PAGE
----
Brian Inglis
Fri May 22 13:50:00 GMT 2015

Spet <spora <at>> writes:
> -------- Original Message --------
> > On May 21, 2015, at 1:03 AM, Spet <spora <at>> wrote:
> >>
> >> When i execute from dos console:
> >
> > Why aren’t you using Cygwin Terminal instead?
> This is my first time.
> However I have to use it in windows console.
> >
> > The Cygwin Terminal has a huge number of features missing from the
Windows console, some of which allow it
> to work better with Cygwin programs.  (UTF-8 support, for example.)
> >
> > Meanwhile, the DOS console offers zero advantage over the Cygwin
Terminal when it comes to running Cygwin executables.
> Ok
> >
> >> ./generate.exe -b 25 -r 48000 -o /etc/fstab

> > Anyway, it works here.  I get a 25 MiB sound output file for a 531 byte
> Now here, I understood better how it works.
> >
> >> generate.exe -b 25 -r 48000 -o "k:\TEMP\a.txt" c:\cygwin\etc\fstab
> >
> > Are you sure you built it with the Cygwin C compiler, and not something
else, like the MinGW or Visual Studio
> compilers?  That’s the only explanation I can think of for why the POSIX
path (/etc/fstab) would fail,
> but a DOS path would succeed.
> I've only done "makefile" in terminal.
> >
> > I have to ask: Why do you even want this software?
> Just a curiosity to transmit files via audio and compile a C source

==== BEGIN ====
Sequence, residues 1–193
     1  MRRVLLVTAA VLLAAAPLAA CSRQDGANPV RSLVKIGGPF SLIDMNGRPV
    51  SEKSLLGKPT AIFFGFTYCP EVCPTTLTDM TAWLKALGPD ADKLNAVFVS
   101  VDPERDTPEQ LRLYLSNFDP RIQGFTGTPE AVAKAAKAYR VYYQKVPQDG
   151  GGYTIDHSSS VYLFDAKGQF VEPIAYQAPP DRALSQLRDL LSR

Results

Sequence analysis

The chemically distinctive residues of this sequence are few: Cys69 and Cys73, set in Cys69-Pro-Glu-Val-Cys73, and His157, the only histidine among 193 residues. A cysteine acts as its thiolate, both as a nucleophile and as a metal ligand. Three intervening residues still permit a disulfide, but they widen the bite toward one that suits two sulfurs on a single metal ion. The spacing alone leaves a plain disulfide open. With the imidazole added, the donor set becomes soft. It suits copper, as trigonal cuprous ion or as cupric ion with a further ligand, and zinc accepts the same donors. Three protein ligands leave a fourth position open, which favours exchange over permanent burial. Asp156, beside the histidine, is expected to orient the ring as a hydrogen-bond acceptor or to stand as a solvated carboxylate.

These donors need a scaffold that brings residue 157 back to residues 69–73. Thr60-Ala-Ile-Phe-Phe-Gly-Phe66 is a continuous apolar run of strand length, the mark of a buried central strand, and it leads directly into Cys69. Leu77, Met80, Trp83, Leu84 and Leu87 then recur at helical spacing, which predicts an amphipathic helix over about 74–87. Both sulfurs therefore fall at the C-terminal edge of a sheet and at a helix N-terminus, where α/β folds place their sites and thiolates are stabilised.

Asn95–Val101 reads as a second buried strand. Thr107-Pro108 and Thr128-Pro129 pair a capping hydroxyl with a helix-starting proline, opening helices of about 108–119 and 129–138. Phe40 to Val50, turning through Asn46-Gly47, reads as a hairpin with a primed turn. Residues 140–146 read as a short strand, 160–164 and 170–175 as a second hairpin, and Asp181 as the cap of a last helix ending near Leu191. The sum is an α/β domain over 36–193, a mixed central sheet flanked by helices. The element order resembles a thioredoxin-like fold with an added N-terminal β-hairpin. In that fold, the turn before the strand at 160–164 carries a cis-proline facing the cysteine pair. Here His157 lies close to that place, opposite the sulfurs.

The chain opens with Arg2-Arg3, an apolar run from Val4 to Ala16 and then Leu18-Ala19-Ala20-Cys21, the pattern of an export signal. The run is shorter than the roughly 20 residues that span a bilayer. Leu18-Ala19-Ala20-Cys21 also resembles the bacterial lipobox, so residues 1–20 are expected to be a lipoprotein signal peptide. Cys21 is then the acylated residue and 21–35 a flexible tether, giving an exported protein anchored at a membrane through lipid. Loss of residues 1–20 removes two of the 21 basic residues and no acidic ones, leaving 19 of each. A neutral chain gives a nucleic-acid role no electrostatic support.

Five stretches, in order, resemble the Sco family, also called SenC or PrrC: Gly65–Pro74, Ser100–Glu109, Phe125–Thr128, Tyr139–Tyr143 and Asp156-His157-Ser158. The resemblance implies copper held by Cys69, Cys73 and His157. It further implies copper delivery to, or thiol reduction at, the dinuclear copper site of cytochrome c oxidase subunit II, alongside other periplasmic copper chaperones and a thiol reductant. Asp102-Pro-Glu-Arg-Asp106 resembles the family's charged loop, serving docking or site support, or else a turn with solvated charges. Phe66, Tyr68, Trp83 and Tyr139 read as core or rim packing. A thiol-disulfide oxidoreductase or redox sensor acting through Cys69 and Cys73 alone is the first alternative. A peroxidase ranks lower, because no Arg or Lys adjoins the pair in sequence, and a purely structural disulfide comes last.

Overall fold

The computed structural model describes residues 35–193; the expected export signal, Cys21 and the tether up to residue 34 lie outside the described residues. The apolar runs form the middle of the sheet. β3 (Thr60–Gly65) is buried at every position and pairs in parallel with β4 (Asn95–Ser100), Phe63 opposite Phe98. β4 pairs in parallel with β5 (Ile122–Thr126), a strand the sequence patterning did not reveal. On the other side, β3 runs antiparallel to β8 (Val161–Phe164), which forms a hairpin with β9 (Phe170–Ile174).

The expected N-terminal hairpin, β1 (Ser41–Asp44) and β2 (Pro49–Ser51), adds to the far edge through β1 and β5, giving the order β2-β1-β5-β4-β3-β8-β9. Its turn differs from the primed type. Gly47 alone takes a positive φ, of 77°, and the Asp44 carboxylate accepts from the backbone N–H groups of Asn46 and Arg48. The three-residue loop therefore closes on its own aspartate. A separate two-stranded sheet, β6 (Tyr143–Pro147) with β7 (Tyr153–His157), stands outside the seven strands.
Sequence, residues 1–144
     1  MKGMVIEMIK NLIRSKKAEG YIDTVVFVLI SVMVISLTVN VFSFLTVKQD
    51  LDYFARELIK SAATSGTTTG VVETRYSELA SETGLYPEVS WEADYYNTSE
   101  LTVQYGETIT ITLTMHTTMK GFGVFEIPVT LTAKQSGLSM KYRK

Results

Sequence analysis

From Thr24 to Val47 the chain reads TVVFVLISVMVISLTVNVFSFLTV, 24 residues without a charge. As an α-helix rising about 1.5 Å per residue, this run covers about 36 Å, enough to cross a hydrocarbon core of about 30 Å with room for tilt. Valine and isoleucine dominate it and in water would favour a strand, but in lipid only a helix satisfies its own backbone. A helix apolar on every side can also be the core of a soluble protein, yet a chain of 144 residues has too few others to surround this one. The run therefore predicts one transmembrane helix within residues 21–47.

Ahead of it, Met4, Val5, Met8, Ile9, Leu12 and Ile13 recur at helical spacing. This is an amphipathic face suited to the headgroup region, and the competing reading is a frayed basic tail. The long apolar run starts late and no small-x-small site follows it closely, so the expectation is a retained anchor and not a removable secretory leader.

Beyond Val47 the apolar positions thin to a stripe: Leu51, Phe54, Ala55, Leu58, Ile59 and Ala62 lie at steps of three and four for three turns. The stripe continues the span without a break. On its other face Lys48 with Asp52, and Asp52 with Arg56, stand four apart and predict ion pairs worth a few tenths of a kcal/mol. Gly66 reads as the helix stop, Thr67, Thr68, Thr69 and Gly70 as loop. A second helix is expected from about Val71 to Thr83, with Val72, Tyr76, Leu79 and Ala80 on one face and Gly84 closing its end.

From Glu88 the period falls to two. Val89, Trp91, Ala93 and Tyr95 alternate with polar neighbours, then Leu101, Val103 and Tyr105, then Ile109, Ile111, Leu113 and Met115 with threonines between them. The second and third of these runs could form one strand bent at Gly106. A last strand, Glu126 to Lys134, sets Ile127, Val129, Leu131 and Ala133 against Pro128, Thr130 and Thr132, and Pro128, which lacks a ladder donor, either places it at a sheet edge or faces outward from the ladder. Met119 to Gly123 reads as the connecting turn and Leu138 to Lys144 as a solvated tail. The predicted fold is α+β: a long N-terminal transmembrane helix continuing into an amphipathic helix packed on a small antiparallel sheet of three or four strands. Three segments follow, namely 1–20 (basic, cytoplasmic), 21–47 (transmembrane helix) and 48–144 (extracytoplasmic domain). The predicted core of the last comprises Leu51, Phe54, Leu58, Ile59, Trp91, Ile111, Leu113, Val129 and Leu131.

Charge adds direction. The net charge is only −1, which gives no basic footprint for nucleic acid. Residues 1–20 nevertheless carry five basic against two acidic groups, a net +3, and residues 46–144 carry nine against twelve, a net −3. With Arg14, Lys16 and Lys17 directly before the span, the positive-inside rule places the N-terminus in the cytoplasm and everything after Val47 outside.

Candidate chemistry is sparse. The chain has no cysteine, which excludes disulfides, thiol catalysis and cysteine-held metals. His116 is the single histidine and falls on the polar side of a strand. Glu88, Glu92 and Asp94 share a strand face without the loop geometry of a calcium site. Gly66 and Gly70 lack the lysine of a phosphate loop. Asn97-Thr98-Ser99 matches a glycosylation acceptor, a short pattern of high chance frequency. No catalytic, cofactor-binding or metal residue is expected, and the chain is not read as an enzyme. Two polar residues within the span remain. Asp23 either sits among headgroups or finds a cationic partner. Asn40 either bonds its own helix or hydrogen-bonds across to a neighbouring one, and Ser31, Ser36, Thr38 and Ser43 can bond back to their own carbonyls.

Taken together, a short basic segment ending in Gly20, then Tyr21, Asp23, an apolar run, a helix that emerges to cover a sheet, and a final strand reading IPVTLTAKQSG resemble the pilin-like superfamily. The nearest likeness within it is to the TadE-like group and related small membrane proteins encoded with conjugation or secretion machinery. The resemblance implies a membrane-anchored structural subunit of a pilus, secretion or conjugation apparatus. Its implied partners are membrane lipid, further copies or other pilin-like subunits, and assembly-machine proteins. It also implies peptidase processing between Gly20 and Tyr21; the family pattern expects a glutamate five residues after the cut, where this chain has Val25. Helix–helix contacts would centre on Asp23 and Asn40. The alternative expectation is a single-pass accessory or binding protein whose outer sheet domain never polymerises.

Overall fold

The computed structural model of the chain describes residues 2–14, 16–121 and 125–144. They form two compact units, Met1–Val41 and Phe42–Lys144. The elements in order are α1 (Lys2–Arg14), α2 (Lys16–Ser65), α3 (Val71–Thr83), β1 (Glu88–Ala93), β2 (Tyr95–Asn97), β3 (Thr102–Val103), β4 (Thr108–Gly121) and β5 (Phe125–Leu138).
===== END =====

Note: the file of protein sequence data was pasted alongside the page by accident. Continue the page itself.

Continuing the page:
> Linux in Windows.
> Finally, the compilation work.  The sound file is recorded and the audio 
> capture works.
> But the transmission of the file fails because I get a bit sequence 
> completely different from the original.
> Ty :)

The original article author tried to
reinvent the wheel - badly! 
He tried to build a bit to audio converter - a modem in software, softmodem
aka soundmodem, which does in software what a modem does in hardware,
ignoring almost a century of development since the news wires started using
His hardware interface was a microphone taped to headphones rather than a
simple cable connection - no wonder he had noise problems limiting him to 25
bps, the same rate achieved by IBM with cards in 1942 - see - when lines used one wire, and
switching was relays, electro-mechanical, or plugboards. 

Look instead for something reasonable - search for softmodem or soundmodem
e.g. which gets 9.6kB/s duplex over kms of wire
pair. You can also find code to do regular V.92bis dialup modem emulation. 
Regular soundcards should be capable of 4x dialup bandwidth, allowing up to
Take care. Thanks, Brian Inglis

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